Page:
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Researchers told the men participating in the study that they were to be treated for "bad blood." This term was used locally by people to describe a host of diagnosable ailments including but not limited to anemia, fatigue, and syphilis. Of this group 399, who had syphilis were a part of the experimental group and 201 were control subjects.Most of the men were poor and illiterate sharecroppers from the county.Still, the chilling effects of the study linger to this day — it’s routinely cited as a reason some African-Americans are reluctant to participate in medical research, or even go to the doctor for routine check-ups.
WASHINGTON (AP) — EDITOR’S NOTE: On July 25, 1972, Associated Press reporter Jean Heller broke news that rocked the American medical establishment.
The federal government, she reported, had let hundreds of black men in rural Alabama go untreated for syphilis for 40 years for research purposes.
A public outcry ensued, and the “Tuskegee Syphilis Study” ended three months later.
The men filed a lawsuit that resulted in a $9 million settlement, and then-President Bill Clinton formally apologized years later.
The study took place in Macon County, Alabama, the county seat of Tuskegee referred to as the "Black Belt" because of its rich soil and vast number of black sharecroppers who were the economic backbone of the region.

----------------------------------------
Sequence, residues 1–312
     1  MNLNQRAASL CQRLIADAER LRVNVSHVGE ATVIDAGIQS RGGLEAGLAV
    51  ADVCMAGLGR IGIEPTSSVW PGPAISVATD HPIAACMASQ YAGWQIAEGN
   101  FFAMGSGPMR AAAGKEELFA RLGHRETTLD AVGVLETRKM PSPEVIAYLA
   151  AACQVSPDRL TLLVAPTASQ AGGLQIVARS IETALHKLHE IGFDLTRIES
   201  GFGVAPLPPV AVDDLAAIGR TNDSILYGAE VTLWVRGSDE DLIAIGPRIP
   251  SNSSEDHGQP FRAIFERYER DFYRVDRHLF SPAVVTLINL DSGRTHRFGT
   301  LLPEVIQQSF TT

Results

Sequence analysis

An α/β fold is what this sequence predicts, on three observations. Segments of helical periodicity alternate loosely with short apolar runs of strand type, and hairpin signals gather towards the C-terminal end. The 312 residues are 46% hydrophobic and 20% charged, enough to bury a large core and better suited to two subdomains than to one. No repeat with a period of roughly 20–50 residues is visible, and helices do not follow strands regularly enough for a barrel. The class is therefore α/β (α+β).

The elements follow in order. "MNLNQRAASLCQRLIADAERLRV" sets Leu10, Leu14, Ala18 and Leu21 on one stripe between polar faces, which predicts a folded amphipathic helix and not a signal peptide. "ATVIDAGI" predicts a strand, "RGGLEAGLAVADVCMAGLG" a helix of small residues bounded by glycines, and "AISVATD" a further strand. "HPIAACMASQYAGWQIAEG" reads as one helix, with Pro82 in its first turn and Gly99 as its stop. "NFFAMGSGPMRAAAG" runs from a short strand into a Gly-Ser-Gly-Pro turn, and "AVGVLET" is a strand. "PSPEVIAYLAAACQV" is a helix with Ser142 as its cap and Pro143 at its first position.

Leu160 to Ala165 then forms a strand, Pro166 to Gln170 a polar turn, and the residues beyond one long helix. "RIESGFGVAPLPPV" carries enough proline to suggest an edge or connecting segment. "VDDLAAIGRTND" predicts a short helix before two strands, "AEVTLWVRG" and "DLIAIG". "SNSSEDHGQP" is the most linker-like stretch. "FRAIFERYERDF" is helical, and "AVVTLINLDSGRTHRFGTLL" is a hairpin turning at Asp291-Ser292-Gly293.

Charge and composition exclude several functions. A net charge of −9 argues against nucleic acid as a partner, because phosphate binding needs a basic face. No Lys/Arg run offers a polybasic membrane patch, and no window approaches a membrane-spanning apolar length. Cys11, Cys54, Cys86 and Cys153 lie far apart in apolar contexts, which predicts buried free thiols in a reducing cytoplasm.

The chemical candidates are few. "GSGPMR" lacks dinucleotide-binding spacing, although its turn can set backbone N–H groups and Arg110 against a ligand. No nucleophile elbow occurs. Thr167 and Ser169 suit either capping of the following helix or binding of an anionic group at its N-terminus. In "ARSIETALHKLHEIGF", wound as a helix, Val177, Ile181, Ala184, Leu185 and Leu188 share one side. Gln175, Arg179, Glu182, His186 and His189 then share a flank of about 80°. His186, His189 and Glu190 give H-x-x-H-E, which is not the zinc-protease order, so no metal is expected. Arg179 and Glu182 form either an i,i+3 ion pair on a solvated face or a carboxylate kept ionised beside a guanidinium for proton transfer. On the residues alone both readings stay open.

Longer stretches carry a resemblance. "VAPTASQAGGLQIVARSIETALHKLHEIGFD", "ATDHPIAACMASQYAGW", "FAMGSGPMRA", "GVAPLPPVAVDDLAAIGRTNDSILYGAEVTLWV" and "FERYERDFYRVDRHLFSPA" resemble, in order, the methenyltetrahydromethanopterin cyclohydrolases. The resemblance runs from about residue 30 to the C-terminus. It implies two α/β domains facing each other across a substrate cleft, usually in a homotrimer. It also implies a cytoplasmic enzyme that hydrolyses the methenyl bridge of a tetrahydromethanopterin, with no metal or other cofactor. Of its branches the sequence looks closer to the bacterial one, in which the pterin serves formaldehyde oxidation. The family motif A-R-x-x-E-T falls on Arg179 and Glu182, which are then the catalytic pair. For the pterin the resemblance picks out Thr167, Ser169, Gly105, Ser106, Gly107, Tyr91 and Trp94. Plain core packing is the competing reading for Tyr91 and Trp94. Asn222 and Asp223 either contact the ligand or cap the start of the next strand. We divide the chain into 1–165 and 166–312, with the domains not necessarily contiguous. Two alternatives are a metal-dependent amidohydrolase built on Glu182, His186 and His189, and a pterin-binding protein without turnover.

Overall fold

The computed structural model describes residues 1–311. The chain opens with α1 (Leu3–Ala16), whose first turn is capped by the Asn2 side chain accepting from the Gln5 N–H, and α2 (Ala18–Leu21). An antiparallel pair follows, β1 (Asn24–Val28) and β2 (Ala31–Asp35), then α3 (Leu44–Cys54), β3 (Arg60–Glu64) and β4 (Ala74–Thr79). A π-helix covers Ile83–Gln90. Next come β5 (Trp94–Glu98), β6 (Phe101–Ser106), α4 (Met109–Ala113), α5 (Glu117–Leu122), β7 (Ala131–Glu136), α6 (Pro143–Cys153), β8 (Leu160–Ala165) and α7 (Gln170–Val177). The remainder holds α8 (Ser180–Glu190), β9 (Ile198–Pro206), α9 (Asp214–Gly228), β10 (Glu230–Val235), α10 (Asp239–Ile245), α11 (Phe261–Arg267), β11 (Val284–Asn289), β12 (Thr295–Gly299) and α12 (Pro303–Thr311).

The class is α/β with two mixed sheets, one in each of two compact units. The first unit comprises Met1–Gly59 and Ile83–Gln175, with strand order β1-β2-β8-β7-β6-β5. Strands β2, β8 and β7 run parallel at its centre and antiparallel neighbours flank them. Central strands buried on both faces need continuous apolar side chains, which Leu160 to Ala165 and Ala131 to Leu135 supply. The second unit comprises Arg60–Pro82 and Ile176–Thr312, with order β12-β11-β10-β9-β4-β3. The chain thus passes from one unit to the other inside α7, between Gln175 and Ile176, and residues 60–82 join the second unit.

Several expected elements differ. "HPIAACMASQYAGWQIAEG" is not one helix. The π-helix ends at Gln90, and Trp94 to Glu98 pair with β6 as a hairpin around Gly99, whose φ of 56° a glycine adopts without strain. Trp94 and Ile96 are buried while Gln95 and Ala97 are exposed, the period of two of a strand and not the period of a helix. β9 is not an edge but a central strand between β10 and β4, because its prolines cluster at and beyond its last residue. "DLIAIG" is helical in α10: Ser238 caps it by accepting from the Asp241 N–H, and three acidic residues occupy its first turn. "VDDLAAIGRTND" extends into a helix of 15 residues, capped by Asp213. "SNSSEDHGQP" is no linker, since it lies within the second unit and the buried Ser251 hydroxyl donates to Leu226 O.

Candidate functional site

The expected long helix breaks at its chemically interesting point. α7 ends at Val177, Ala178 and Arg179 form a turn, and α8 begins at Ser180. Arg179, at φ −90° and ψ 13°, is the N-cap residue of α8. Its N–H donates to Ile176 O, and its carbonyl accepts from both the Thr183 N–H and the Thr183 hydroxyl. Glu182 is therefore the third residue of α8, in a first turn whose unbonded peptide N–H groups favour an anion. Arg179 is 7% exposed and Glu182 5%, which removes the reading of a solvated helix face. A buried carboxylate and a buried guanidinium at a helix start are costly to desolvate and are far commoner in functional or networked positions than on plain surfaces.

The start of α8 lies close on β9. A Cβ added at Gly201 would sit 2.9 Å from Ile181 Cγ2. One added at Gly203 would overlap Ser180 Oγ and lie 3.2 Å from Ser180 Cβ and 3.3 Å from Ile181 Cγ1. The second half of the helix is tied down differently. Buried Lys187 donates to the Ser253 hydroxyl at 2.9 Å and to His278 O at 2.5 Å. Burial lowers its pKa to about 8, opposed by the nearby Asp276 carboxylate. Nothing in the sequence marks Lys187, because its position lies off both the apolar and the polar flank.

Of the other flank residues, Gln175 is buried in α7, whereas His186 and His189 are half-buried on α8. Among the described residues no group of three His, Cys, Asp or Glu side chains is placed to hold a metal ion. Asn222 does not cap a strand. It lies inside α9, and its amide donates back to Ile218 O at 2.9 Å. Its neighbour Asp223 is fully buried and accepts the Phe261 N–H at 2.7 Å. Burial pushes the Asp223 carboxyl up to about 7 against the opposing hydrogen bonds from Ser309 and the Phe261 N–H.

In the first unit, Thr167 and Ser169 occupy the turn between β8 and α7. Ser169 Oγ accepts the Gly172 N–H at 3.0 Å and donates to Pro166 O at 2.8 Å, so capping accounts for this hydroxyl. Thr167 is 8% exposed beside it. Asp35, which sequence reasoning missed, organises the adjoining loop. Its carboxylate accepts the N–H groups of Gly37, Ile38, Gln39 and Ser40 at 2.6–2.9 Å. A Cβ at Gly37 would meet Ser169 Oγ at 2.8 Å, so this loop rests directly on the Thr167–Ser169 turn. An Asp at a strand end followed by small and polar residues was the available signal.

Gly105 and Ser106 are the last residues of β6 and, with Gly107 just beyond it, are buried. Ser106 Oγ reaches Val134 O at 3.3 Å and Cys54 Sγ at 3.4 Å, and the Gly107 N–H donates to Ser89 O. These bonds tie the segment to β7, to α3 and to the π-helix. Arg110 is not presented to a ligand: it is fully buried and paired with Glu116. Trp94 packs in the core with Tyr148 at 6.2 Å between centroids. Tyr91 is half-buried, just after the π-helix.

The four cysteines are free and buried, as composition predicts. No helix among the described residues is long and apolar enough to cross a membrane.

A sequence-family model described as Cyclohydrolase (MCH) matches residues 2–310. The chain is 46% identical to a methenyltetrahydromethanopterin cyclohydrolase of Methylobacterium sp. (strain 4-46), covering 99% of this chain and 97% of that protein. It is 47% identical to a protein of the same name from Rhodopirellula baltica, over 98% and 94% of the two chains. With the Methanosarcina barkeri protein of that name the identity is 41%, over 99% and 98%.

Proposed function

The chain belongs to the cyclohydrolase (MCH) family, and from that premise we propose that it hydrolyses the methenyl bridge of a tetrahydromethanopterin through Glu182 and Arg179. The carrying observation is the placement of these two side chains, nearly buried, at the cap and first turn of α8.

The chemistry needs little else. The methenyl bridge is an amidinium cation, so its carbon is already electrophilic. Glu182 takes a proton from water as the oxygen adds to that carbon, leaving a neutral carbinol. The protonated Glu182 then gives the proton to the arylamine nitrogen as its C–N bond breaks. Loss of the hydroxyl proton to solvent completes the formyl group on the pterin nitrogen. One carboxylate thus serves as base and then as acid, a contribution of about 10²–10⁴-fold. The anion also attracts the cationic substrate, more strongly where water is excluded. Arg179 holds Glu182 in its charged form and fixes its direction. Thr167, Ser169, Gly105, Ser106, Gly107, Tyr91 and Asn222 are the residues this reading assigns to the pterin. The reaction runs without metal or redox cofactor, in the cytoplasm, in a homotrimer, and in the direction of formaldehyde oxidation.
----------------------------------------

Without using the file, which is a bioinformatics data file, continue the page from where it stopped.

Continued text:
The research itself took place on the campus of Tuskegee Institute.The syphilis experiment, called the Tuskegee Study, began in 1932 in Tuskegee, Ala., an area which had the highest syphilis rate in the nation at that time.When the study began, the discovery of penicillin as a cure for syphilis was still 10 years away and the general availability of the drug was 15 years away.Members of Congress reacted with shock to disclosure Tuesday by The Associated Press that the PHS syphilis experimentation on human guinea pigs had taken place. William Proxmire, D-Wis., a member of the Senate appropriations subcommittee which oversees PHS budgets, called the study “a moral and ethical nightmare.”“It’s incredible to me that such a thing could ever have happened,” he said in a statement.“The Congress should give careful consideration to compensating the families of these men.”Sen. Kennedy, D-Mass., chairman of the Senate health subcommittee, said through a committee spokesman that he deplores the facts of the case and is concerned about whether any other such experiments exist.The intent of the study was to record the natural history of syphilis in Blacks.The study was called the "Tuskegee Study of Untreated Syphilis in the Negro Male." When the study was initiated there were no proven treatments for the disease.According to PHS data, half the men with syphilis were given the arsenic-mercury treatment, but the other half, about 200 men, received no treatment for syphilis at all.Men were persuaded to participate by promises of free transportation to and from hospitals, free hot lunches, free medical treatment for ailments other than syphilis and free burial.Treatment in the 1930s consisted primarily of doses of arsenic and mercury.Of the 600 original participants in the study, one third showed no signs having syphilis; the others had the disease.